To qualify as affiliates, the same individual or groups of individuals must own a controlling interest (at least 50%) in both the U.S. Employer and the Foreign Employer.   To qualify as a subsidiary, the Foreign Employer must own the U.S. Employer or vice versa.  Evidence must be provided to show who owns the U.S. Employer and the Foreign Employer, such as U.S. and foreign company income tax returns and stock certificates. 

For example, if John Smith owns 100% of an active company in the U.K., and recently purchased 50% of an active business in the U.S., then he owns a controlling interest in both companies.  The companies are affiliates, meaning they are related and will qualify for an L-1 Visa.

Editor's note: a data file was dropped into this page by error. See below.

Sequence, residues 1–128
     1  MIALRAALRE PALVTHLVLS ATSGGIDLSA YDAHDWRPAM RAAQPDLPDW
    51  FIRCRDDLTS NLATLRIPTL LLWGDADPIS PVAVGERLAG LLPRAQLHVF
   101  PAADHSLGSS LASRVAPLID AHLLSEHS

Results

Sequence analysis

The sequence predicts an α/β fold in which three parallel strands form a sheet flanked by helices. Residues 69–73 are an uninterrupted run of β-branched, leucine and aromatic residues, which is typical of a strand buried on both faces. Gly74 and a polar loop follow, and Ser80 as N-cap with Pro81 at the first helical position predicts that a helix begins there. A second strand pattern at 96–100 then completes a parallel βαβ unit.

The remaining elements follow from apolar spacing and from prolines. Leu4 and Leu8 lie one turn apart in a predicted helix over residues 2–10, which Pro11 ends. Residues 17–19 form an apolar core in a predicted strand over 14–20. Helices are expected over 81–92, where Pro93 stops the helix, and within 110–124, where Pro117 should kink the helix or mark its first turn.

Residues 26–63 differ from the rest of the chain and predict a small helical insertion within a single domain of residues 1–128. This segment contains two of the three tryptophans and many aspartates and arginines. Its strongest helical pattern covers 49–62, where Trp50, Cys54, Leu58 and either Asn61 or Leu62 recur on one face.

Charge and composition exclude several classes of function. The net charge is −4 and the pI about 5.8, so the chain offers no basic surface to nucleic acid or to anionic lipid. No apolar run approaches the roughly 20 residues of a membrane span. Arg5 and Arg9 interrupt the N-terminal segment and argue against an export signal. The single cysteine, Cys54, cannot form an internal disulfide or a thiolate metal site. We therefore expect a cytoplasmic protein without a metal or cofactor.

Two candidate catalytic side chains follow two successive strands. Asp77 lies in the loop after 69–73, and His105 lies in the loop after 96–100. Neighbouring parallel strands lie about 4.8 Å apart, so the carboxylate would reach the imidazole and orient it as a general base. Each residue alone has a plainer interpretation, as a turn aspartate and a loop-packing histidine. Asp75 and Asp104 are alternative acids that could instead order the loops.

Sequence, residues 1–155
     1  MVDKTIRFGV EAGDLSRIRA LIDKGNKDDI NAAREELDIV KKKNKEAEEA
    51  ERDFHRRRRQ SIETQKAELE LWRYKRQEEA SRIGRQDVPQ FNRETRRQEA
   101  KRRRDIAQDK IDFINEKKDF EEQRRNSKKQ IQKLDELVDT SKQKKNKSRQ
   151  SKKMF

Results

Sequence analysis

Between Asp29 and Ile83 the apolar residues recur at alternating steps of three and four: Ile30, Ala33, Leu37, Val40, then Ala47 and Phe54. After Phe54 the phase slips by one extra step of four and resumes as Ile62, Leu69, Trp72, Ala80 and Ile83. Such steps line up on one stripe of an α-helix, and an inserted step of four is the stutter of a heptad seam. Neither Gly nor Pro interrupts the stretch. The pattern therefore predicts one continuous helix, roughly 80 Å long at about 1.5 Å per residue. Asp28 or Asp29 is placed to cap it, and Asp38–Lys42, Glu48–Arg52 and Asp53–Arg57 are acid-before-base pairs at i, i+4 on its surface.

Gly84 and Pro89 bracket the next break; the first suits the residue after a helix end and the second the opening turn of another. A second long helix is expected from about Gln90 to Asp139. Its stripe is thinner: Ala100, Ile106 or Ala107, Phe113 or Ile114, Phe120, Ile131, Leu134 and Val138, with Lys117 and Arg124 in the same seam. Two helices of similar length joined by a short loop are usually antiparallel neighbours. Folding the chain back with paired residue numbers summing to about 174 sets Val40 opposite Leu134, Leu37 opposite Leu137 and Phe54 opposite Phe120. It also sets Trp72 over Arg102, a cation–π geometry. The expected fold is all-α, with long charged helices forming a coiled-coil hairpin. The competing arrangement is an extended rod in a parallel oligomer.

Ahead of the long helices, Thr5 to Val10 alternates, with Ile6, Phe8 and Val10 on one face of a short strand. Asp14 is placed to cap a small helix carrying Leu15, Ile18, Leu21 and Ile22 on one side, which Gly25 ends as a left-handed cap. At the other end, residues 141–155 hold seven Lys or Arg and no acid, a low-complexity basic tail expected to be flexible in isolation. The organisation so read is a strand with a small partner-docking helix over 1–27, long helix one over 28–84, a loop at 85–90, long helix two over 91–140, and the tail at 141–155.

The U.S. Employer and the Foreign Employer do not have to engage in the same line of business, though it helps the application if there is some logical connection between the two entities.

Note that in 2011, the USCIS began to question whether an EB-1 green card is appropriate when the worker who is being transferred also owns a controlling interest in the U.S. Employer or the Foreign Employer.  We can provide more information about this situation on request.

The applicant must prove full time employment by Foreign Employer for at least one continuous year.  If the applicant is outside the U.S., then the 1 year of employment must be within the prior three years.  If the applicant is in the U.S., then the 1 year of employment must be within the three years prior to the applicant’s admission into the U.S. as a nonimmigrant worker.

The applicant should have received some form of compensation during the year of employment abroad.  Company payroll records or tax forms must be provided as evidence of employment.